More Russia Sanctions, And Putin's Endgame

by: Charles Lewis Sizemore, CFA

The United States leads another round of Russia sanctions... and Russian stocks enjoy a nice bounce. The Market Vectors Russia ETF (NYSEARCA:RSX) is up more than 2% today following the news. This seems to be something of a recurring theme.

It's not difficult to see what is happening here. The new Russia sanctions - which cover visa bans and asset freezes on seven new Russian officials and asset freezes on 17 companies linked to close associates of Putin - are not strong enough to have a meaningful impact on Russian President Vladimir Putin personally or on the Russian economy. President Obama, in an odd admission that raises the question of why the U.S. is bothering to impose Russia sanctions at all, acknowledged as much by saying "we don't yet know if it's going to work."

The Russia sanctions are more noteworthy for what they do not include rather than what they do. Vladimir Putin was not targeted personally, nor were Russian energy majors like Gazprom (OTCPK:OGZPY) or Rosneft (OTC:RNFTF). If Obama's goal is truly to "change Putin's calculus," then it's hard to see these new sanctions meeting that goal.

Meanwhile, Putin is not the type to sit back and play the victim. He's striking back with a May 7 deadline for Ukraine to pay its outstanding debts to Gazprom. If Ukraine does not pay - and without financial aid, that cannot happen - Russia will require prepayment for future gas flows, which means that Russia would have a legal basis for simply turning off the tap, starving Europe of nearly a third of its imported gas. Ukraine has $2.2 billion in overdue debts to Gazprom and Russia recently invoiced Ukraine for an additional $11.4 for breaching the "take or pay" clause in its contract.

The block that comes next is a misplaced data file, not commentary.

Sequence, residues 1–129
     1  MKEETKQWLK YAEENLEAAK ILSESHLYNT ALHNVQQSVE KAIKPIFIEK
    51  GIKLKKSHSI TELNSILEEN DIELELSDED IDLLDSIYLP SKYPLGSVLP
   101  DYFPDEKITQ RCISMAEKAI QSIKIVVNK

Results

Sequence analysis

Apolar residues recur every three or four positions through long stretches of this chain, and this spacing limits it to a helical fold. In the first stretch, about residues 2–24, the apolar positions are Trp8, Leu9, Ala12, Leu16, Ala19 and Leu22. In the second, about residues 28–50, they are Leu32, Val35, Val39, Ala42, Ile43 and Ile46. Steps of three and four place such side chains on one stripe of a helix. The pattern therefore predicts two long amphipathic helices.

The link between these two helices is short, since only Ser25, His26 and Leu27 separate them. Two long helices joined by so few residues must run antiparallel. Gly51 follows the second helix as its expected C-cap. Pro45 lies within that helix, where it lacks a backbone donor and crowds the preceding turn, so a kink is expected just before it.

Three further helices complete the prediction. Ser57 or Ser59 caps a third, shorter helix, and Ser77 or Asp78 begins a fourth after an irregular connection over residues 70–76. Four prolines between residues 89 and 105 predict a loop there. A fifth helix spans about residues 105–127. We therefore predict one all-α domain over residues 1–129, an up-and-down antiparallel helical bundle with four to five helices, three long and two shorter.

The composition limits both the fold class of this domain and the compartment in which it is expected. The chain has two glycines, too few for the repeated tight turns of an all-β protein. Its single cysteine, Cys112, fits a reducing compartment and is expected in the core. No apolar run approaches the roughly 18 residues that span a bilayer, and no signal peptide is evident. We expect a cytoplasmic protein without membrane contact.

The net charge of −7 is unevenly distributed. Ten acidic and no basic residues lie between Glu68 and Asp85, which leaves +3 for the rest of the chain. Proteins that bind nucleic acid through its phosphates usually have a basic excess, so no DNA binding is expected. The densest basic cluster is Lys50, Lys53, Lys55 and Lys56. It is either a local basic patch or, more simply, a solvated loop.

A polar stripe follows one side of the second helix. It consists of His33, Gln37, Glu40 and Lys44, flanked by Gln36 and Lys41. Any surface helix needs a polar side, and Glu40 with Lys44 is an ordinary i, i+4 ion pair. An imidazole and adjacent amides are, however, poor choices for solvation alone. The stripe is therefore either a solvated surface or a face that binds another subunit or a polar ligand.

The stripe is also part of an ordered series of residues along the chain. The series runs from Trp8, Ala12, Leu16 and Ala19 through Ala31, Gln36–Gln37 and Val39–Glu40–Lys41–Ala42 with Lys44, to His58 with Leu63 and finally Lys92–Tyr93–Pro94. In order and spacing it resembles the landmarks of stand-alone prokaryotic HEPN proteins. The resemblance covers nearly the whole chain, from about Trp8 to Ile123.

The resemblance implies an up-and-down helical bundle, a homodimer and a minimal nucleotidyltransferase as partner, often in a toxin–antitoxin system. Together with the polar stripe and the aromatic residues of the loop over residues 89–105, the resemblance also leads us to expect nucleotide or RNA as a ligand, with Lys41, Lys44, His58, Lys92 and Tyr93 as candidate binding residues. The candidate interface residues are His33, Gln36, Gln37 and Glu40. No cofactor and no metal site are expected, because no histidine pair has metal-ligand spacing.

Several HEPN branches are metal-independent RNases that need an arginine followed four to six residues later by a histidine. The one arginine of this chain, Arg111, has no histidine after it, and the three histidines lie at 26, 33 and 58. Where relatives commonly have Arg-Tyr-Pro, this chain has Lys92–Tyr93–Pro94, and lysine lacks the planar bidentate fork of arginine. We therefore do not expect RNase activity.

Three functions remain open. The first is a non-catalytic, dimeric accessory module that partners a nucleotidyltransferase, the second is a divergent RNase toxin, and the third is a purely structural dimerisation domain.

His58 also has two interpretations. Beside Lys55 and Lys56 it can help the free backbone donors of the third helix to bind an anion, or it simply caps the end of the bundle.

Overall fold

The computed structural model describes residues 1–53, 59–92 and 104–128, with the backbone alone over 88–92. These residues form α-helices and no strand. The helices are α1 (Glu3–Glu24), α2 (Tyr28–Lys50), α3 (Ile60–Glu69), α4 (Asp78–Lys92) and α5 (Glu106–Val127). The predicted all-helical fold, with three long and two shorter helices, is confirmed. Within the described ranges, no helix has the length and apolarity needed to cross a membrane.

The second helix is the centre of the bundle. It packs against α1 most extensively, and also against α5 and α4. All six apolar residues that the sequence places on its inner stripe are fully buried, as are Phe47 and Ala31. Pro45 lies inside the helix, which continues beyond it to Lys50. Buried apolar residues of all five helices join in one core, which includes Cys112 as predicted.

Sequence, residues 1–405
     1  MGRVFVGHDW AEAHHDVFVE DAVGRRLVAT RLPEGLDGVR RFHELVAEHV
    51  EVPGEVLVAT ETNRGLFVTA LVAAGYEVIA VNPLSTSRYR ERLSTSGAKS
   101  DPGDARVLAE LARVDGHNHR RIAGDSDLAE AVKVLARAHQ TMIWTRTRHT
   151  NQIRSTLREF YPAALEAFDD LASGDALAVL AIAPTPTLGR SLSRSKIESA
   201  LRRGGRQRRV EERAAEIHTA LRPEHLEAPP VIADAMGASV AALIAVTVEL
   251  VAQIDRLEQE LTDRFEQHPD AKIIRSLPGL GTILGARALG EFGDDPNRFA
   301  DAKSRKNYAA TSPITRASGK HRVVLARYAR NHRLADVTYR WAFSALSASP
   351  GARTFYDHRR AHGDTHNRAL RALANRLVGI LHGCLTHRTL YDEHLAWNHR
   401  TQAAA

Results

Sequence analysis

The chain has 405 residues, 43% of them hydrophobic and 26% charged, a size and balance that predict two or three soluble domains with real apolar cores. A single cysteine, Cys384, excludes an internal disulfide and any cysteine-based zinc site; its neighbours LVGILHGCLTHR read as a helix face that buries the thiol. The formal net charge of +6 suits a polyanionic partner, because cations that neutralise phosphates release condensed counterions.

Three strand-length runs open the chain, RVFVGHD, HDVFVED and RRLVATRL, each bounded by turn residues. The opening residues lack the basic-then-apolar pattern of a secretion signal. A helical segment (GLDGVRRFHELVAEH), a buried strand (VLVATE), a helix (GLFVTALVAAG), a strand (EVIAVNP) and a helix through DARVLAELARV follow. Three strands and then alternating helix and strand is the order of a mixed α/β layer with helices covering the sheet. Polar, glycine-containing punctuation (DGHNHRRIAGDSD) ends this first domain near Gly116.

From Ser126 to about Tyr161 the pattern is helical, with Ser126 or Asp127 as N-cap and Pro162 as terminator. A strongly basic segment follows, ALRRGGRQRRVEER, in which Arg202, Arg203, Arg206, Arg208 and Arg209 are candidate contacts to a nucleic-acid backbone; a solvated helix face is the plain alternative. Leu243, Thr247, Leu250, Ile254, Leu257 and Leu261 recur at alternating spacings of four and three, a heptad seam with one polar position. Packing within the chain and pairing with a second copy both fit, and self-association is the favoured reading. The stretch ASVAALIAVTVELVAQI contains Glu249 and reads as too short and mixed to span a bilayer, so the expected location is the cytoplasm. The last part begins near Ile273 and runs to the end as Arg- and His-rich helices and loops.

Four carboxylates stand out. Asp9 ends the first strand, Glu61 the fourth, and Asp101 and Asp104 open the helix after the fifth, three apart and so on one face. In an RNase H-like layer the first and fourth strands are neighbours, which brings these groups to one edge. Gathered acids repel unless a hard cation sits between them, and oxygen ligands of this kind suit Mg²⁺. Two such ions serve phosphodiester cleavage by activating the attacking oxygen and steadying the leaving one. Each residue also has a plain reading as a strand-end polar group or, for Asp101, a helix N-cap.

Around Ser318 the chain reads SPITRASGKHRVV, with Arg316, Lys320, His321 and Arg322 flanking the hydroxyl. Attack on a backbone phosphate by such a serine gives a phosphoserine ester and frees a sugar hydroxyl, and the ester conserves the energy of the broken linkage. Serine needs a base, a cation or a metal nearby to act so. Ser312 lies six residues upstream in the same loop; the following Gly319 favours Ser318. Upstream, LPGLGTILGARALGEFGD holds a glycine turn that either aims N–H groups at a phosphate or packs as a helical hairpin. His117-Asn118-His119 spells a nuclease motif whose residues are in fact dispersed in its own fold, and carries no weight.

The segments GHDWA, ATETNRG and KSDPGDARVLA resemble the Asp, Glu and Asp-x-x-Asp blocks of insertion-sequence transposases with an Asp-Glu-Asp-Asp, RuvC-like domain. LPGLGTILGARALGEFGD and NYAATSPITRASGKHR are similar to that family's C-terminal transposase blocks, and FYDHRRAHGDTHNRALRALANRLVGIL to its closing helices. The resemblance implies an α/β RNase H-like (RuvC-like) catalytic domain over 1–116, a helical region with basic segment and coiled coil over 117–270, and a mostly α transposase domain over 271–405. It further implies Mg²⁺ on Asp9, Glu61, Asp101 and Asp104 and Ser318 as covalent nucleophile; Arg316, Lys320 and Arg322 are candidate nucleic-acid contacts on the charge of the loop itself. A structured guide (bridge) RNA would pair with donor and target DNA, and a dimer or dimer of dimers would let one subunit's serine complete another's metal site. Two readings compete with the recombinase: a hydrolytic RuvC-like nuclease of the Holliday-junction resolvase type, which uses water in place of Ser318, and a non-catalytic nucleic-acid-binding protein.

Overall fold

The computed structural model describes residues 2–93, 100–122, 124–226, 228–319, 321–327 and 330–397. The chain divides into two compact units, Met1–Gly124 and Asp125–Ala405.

What's the endgame here?

It is not entire clear what Vladimir Putin really wants. But we can speculate on what he doesn't want.

Putin doesn't want to invade and occupy Ukraine. By one estimate, doing so would require 500,000 to 800,000 Russian troops - or substantially the entire Russian armed forced.

But Putin also does not want a Western outpost, via EU or NATO membership, at his immediate doorstep. My best guess is that Putin is stirring up trouble in Ukraine to improve his position at the bargaining table. If he gets guarantees that Ukraine cannot join NATO or the EU, then the unrest in eastern Ukraine will probably dissipate in a hurry.

While the sanctions have not bitten Russia hard enough to warrant a change of course, a prolonged financial war with the West would be costly for Russia. Already, Russian bond yields have risen, and the decline in the rouble has caused the price of imports to rise.

Of course, Russia sanctions are costly for the West as well. Europe cannot afford higher energy prices at this stage in its recovery, and the UK and Germany both profit handsomely from economic ties to Russia. No one has a vested interest in this crisis dragging out much longer.

How do I see it ending? Ukraine is partitioned into a federal republic. Russia has said that this is what it wants, and the West has no compelling reason to object.

Does any of this make RSX a buy? Not in a vacuum. Russian stocks are, however, among the cheapest in the world, trading at a cyclically adjusted price earnings ratio of about 6. At that price, they are worth buying on dips.

Disclaimer: This site is for informational purposes only and should not be considered specific investment advice or as a solicitation to buy or sell any securities. Sizemore Capital personnel and clients will often have an interest in the securities mentioned. There is risk in any investment in traded securities, and all Sizemore Capital investment strategies have the possibility of loss. Past performance is no guarantee of future results.

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